"(a) secures control of the ball in his hands or arms prior to the ball touching the ground; and
"(b) touches the ground inbounds with both feet or with any part of his body other than his hands; and
"(c) maintains control of the ball long enough, after (a) and (b) have been fulfilled, to enable him to perform any act common to the game (i.e., maintaining control long enough to pitch it, pass it, advance with it, or avoid or ward off an opponent, etc.).
"When a player (or players) is going to the ground in the attempt to catch a pass, Rule 8, Section 1, Article 3, Item 1 states:
"Player Going to the Ground. If a player goes to the ground in the act of catching a pass (with or without contact by an opponent), he must maintain control of the ball throughout the process of contacting the ground, whether in the field of play or the end zone. If he loses control of the ball, and the ball touches the ground before he regains control, the pass is incomplete. If he regains control prior to the ball touching the ground, the pass is complete.
"Rule 8, Section 1, Article 3, Item 5 states:
"Simultaneous Catch. If a pass is caught simultaneously by two eligible opponents, and both players retain it, the ball belongs to the passers. It is not a simultaneous catch if a player gains control first and an opponent subsequently gains joint control. If the ball is muffed after simultaneous touching by two such players, all the players of the passing team become eligible to catch the loose ball."
MELISSA BLOCK, HOST:
The NFL is defending the latest controversial call by replacement refs as howls of injustice and incompetence reverberate across the country. Today, even President Obama and vice presidential candidate Paul Ryan criticized the refs for the call that ended yesterday's game between the Green Bay Packers and the Seattle Seahawks.
(SOUNDBITE OF NFL GAME)
MIKE TIRICO: The game's final play is a (unintelligible) loft to the end zone, which is blocked ball by Tate who's getting - simultaneous. Who has it? Who'd they give it to? Touchdown.
BLOCK: And with that call, Seattle won. The derided call raises questions about how long the game can withstand a lockout of regular referees by NFL owners. For more, NPR's Mike Pesca joins me. And Mike, let's review that last play. It was a Hail Mary pass. Seattle needed a touchdown to win. What happened?
MIKE PESCA, BYLINE: Yeah, it seems exciting the way Mike Tirico of ESPN said, it was actually calamitous. And this was actually the only game in "Monday Night Football" history that ended on a touchdown during regulation. That normally would not be enough to get us to talk about it today. But what happened was, the defensive player, a guy by the name of M.D. Jennings caught the ball. That means it's an interception. He had it cradled within his chest. The offensive player, Golden Tate, had his hands in there. But to everyone's eye it would seem that it was an interception and therefore, no touchdown.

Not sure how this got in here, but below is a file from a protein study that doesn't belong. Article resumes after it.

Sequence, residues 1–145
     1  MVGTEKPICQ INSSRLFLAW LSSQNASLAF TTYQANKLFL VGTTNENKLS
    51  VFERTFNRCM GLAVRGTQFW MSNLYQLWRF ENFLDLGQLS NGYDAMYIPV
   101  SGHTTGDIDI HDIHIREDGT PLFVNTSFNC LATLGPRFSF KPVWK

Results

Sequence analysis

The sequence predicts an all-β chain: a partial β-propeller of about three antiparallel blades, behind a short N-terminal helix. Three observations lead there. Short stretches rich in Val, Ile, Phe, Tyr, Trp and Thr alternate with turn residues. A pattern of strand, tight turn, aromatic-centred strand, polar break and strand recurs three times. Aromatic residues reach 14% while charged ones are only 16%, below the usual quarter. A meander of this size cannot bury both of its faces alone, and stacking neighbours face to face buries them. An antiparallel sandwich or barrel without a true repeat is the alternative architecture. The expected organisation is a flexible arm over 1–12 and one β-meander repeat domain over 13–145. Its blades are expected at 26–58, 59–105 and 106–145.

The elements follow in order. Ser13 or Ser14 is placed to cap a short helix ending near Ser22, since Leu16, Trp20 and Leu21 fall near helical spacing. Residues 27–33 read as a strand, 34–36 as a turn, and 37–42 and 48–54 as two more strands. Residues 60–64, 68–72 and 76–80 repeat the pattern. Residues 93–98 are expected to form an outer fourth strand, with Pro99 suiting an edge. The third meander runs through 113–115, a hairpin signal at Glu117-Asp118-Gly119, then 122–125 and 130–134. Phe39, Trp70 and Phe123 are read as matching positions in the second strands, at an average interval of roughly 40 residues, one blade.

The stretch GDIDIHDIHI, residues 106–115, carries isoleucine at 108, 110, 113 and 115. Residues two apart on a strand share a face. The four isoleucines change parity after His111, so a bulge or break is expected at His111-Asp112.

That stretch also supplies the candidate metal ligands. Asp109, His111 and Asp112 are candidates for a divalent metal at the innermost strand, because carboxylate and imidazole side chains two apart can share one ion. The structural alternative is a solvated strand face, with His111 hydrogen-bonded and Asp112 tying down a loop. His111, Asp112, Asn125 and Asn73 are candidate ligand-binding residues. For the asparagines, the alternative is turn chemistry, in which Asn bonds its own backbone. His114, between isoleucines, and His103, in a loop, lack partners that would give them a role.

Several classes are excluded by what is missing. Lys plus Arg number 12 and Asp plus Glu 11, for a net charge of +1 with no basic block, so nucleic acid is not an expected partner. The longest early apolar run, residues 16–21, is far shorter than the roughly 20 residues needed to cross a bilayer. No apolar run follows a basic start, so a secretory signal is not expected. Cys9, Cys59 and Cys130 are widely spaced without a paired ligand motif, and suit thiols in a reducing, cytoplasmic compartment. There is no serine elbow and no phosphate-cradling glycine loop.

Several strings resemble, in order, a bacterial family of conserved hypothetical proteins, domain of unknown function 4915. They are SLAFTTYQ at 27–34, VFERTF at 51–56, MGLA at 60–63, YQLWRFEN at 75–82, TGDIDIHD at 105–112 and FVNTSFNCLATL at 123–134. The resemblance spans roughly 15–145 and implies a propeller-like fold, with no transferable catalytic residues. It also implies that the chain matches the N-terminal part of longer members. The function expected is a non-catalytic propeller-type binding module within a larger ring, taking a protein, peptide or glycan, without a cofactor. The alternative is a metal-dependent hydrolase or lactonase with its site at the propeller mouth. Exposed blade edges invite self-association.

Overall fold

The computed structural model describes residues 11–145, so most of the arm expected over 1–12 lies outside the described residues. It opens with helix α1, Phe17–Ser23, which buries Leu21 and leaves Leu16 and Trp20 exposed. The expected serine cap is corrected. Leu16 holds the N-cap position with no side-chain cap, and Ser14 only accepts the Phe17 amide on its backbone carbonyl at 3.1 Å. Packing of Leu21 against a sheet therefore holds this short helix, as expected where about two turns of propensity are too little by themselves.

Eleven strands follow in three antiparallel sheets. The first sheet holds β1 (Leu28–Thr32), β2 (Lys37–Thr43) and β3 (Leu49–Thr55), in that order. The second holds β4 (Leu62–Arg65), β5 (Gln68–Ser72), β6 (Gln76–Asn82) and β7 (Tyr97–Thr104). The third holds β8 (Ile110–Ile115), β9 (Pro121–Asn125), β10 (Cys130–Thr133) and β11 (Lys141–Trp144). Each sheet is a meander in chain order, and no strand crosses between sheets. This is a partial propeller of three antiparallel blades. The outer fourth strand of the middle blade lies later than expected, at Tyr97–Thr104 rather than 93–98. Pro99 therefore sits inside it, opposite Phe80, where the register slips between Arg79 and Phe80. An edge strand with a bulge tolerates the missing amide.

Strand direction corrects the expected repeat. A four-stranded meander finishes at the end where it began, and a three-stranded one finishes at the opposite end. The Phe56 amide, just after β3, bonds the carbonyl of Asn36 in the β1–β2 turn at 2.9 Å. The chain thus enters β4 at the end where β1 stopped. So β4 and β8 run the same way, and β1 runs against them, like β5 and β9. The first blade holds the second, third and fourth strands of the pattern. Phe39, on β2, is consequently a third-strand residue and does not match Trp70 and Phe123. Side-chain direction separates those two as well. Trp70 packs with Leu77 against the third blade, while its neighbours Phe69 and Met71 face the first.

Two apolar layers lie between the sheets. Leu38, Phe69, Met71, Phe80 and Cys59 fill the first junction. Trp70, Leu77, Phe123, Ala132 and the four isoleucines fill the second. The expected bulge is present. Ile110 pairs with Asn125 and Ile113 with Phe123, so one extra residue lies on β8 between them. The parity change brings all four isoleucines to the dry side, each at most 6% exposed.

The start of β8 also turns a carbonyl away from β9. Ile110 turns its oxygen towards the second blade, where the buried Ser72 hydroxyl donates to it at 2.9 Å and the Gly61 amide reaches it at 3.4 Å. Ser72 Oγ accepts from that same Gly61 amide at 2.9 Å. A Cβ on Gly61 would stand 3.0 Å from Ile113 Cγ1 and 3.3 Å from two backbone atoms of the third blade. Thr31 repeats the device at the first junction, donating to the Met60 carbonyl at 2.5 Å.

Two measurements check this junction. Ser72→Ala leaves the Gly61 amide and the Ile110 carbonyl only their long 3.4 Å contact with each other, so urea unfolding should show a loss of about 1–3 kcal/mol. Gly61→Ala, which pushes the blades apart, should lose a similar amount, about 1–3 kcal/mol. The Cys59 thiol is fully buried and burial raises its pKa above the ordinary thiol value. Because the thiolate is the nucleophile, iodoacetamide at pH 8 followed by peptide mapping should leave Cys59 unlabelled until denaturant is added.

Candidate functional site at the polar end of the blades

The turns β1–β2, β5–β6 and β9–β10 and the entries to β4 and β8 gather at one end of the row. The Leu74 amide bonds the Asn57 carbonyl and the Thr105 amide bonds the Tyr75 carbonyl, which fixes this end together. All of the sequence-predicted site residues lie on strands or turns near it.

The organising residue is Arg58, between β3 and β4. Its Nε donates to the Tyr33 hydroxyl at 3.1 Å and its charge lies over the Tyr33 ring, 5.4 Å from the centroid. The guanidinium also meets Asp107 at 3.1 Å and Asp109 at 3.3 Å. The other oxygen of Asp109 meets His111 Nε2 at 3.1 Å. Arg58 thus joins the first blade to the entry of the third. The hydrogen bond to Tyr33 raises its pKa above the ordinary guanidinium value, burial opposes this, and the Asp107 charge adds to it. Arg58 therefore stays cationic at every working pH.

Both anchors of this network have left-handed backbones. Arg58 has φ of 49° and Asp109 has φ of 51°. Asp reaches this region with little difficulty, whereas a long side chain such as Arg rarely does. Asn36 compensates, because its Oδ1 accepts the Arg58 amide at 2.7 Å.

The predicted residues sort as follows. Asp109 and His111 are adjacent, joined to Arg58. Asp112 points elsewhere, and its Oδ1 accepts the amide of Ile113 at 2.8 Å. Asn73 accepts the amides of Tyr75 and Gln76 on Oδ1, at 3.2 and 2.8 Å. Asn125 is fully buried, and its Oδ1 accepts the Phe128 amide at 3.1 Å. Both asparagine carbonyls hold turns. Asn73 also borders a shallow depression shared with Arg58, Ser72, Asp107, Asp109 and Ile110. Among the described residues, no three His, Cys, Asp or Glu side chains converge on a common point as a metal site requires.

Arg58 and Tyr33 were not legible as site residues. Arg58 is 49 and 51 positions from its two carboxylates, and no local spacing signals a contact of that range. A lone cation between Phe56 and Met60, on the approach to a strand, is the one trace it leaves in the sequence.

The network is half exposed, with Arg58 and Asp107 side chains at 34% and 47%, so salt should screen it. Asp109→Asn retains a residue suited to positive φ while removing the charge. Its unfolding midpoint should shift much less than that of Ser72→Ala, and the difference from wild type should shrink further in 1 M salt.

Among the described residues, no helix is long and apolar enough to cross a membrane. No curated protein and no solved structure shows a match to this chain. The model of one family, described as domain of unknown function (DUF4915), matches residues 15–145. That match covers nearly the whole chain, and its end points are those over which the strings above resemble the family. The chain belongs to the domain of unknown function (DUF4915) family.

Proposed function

BLOCK: Everyone's eye but the referees on the field apparently.
PESCA: Yeah, there was one important guy who didn't agree, and he was the referee who raised his hands about his head and then there was a review that went nowhere. And today, the NFL issued a statement that everyone expected it to issue which was, we're not going to be overruling the call on the field. It did make a note though, that, I'll quote from it "Tate can be seen shoving Green Bay cornerback Sam Shields to the ground. This should have been a penalty for offensive pass interference which would have ended the game." So it's an odd construction, but it really says, we screwed up. And not even on the exact play that everyone's howling about.
BLOCK: And this has drawn so much outrage, I mean does this mean, is this the final straw? The question is, will this spur the owners to settle this lockout with the NFL referees?
PESCA: Right. So there are two things that are going on that seem very much intertwined. I'm not sure that they are. The refereeing is horrible. You know, it seems like a subjective statement but just look at all these games. The games are going longer. They're calling more and more penalties. Player after player are tweeting. The ESPN crew issuing sort of cri de coeur, you'll see Trent Dilfer and Steve Young, these two NFL quarterbacks who won Super Bowls, saying, the game is being sullied. But none of that might matter. The only thing that really matters is what the owners think. And if the owners want to present themselves as staunch negotiators, they might not be swayed by the public outcry at all.
BLOCK: I like this tweet from the Packers guard, T.J. Lange, Mike: Fine me and use the money to pay the regular refs. Big question, how much will the situation hurt the game in the long term if at all?
PESCA: Yeah, you know, this is one thing that the NFL always says, that the ratings aren't going to go down. I wonder how much they want to ride on that supposition. Because sure, it's three games of the season. Every team is still more or less in it and they had close games. What about when the games get a little boring? What about when your team is all but eliminated? What if the loose, jangly, not-tight nature of the way these referees are refereeing the game really has an impact on the viewers? It could hurt ratings and when you talk about the dollars that they're apart. It's really a pension dispute. It's really miniscule. It's about $30 million dollars over seven years. The NFL makes $9.5 billion dollars a year.
BLOCK: And you figure, Mike, we're looking at replacement refs for awhile?
PESCA: Well, yeah. I mean even if they settle, the NFL, the regular refs could step right in there but they didn't have any preseason. They would get up to speed. But I think everyone who knows the game looks at not just this situation, but all these horrible pass interference calls and calls that really affected the outcomes of many games, not knowing where to spot the ball, not knowing simple rules. And they all say, give us the guys who've been doing this their whole lives. We'll get back to the NFL as we know and love it.
BLOCK: And briefly, Mike, some people have called this the worst call ever. What do you think?
PESCA: That is totally not true. It was just in the biggest moment while everyone was watching. And Golden Tate disagrees. Exactly.
BLOCK: OK. NPR's Mike Pesca, thanks so much.
PESCA: You're welcome. Transcript provided by NPR, Copyright NPR.